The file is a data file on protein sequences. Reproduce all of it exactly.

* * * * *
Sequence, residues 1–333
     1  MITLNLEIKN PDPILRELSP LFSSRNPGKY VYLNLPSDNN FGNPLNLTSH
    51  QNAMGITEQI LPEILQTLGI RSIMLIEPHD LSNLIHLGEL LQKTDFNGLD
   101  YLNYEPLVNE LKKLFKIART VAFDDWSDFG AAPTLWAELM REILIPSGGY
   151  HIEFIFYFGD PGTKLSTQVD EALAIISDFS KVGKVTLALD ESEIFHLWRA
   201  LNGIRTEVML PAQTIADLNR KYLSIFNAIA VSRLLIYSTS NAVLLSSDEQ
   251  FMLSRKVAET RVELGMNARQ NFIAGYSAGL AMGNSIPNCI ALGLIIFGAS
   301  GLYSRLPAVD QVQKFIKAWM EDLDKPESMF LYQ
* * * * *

Sequence, residues 1–333
     1  MITLNLEIKN PDPILRELSP LFSSRNPGKY VYLNLPSDNN FGNPLNLTSH
    51  QNAMGITEQI LPEILQTLGI RSIMLIEPHD LSNLIHLGEL LQKTDFNGLD
   101  YLNYEPLVNE LKKLFKIART VAFDDWSDFG AAPTLWAELM REILIPSGGY
   151  HIEFIFYFGD PGTKLSTQVD EALAIISDFS KVGKVTLALD ESEIFHLWRA
   201  LNGIRTEVML PAQTIADLNR KYLSIFNAIA VSRLLIYSTS NAVLLSSDEQ
   251  FMLSRKVAET RVELGMNARQ NFIAGYSAGL AMGNSIPNCI ALGLIIFGAS
   301  GLYSRLPAVD QVQKFIKAWM EDLDKPESMF LYQ